Explanation: Lichen is a species of plant that forms a symbiotic relationship with algae and fungi. Both algae and fungi depend on each other for food and protection; hence, both are necessary for survival. The algae synthesise food while the fungi part protects it, so if one of them is separated, both die.
Q17. Heterospory, i.e., the formation of two types of spores – microspores and megaspores is a characteristic feature in the life cycle of a few pteridophytes and all spermatophytes. Do you think heterospory has some evolutionary significance in the plant kingdom?
One major evolutionary significance in the plant kingdom is the generation of in situ embryo development, where the embryo derives nutrition from the female gametophyte and is provided with better protection.
Heterospory has also led to the evolution of the seed habit, which helped the plant grow and flourish over time.
Q18. Why are bryophytes also called the amphibians of the plant kingdom?
Bryophytes are species that can survive on both land and water. They are called amphibians of the plant kingdom because they can’t complete their life cycle without water; water is necessary for their fertilisation process.
Water also plays an important role in the dehiscence of antheridium and archegonium. Also, a small amount of water is required for the survival of the bryophytes.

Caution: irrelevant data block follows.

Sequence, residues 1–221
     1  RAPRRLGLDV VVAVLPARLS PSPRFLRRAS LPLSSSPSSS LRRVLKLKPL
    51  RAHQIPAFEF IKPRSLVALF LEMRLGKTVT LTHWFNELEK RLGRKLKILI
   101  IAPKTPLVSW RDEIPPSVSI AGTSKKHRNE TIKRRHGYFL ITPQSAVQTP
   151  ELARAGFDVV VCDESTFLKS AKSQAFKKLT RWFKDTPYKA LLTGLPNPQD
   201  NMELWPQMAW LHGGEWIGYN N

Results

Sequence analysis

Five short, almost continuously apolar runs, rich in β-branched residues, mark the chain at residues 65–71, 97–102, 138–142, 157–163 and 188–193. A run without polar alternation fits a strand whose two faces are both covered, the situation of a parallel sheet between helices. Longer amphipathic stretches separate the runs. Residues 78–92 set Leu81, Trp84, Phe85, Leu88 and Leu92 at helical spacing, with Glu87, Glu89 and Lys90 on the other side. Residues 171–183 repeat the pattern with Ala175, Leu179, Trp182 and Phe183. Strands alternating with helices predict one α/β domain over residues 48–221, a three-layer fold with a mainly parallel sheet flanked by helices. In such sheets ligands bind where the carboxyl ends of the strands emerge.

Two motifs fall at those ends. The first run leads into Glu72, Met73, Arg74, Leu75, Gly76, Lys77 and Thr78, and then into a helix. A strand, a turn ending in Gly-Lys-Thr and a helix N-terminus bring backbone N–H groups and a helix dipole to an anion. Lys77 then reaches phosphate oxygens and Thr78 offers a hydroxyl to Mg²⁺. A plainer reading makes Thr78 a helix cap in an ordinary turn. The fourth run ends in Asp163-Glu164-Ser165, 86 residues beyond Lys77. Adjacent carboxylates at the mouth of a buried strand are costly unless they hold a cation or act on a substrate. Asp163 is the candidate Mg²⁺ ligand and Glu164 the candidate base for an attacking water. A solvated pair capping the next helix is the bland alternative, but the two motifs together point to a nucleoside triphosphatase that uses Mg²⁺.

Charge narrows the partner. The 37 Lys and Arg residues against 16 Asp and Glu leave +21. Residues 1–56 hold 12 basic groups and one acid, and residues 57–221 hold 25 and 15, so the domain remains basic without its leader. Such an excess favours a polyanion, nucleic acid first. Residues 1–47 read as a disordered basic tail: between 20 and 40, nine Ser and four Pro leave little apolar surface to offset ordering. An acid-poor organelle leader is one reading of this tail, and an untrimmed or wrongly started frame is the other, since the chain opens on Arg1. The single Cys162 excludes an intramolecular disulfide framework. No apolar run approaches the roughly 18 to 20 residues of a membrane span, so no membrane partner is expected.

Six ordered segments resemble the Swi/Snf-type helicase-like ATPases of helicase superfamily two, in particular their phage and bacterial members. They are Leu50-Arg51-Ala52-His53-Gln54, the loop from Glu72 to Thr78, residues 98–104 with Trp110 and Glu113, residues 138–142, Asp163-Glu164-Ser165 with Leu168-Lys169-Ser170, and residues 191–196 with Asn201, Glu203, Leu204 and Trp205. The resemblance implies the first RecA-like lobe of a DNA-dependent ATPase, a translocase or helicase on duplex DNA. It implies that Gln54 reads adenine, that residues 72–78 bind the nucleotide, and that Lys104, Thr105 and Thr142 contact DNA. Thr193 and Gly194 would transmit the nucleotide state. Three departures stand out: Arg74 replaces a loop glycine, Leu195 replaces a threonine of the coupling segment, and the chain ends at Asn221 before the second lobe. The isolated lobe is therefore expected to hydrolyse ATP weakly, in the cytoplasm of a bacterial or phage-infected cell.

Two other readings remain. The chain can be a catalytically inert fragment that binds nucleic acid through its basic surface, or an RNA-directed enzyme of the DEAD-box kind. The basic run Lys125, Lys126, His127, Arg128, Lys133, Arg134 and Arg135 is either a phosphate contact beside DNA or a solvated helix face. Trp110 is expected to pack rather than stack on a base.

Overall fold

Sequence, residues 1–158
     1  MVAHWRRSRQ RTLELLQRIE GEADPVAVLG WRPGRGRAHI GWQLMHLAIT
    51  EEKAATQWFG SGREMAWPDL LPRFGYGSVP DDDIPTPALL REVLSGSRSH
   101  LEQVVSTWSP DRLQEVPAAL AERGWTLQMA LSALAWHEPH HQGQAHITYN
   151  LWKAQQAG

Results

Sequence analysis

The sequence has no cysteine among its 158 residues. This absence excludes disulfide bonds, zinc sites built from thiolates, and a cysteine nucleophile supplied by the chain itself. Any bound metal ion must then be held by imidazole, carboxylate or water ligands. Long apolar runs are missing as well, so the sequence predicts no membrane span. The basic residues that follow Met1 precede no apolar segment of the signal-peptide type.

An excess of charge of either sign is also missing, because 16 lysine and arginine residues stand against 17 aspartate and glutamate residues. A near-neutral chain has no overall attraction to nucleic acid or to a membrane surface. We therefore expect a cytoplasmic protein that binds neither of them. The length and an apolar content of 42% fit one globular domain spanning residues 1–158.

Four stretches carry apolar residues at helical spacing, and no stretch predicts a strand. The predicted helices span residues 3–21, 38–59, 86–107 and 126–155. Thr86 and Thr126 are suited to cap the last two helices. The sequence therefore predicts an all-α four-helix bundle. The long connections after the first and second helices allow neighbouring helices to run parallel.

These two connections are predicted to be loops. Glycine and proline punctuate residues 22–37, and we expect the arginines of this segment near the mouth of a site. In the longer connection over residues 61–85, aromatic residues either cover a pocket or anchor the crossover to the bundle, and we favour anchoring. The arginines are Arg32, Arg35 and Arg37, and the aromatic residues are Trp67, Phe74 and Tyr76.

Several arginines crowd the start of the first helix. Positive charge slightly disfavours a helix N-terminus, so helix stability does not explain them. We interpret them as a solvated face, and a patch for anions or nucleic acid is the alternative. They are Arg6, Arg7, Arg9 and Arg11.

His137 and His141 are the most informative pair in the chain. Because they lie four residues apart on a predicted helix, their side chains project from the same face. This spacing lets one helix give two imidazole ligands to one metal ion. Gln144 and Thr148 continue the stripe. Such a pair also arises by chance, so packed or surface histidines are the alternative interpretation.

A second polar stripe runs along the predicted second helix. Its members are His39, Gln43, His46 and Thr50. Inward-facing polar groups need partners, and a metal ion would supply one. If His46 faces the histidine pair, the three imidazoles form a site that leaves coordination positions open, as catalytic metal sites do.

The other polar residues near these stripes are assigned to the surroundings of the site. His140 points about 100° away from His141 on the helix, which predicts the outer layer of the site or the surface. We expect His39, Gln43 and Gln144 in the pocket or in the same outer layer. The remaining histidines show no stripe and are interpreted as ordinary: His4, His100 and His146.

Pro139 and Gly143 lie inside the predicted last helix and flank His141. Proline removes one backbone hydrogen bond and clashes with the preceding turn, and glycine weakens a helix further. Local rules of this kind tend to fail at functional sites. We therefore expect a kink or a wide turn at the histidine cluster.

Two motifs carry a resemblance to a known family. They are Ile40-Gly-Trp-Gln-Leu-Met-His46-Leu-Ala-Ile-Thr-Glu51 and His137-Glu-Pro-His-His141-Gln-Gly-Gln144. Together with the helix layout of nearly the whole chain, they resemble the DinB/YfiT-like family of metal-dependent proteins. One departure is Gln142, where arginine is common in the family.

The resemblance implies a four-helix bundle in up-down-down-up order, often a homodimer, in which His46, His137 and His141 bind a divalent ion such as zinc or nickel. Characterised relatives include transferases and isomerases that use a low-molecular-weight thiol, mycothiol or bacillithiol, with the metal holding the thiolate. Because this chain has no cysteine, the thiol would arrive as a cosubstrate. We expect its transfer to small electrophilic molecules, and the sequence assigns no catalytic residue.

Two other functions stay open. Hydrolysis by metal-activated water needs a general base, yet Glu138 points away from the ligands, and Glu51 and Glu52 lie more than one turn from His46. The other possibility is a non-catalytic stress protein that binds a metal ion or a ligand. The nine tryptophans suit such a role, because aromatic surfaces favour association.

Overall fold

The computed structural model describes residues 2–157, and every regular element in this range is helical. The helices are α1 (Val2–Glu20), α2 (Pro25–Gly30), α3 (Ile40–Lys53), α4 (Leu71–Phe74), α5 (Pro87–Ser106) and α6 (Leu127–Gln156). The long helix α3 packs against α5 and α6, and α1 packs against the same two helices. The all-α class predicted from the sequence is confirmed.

Q19. If the diploid number of chromosomes of a flowering plant is 36 chromosomes. What would be the chromosome number in the endosperm of the flowering plant?
Solution 19 – Option (c ) is the right Answer.
Explanation – As the flowering plant is diploid, so the number of chromosomes is 36, but in a haploid, it will be 2n = 36,
And we know the number of chromosomes in the endosperm is 3n so it will be 3×18 = 54.
Q20. Protonema is
(a) Haploid and is found in mosses
(b) Diploid and is found in liverworts
(c) Diploid and is found in pteridophytes
(d) Haploid and is found in pteridophytes
Solution 20- Option (a ) is the right Answer.
Explanation: Protonema is the juvenile stage in Moses’s life cycle, which is haploid. Most of them resemble multicellular green algae in nature.
Q21. The respective male and female reproductive organs of several pteridophytes and gymnosperms are comparable to the floral structures of the angiosperms. Compare the various reproductive parts of pteridophytes and gymnosperms’ reproductive structures of angiosperms.
Solution 21 –
The following reproductive part that is compared with the angiosperms are-
- Storbili/ cone – Flower
- Microsporophyll – Stamen
- Megasporophylls – Pistil/ Carpel
- Microsporangium – Another
- Megasporangium – Ovule
Q22. What do you mean by double fertilisation and triple fusion?
Double fertilisation is the fertilisation of two male gametes with their respective female gametes. In it, one male gamete fertilises with the female gamete egg and forms a diploid zygote. At the same time, the other male gamete fuses with the two polar nuclei found in the ovule to form a triploid zygote that further develops into an endosperm.
And when the three haploid gametes fuse to form an endosperm, this process is termed triple fusion.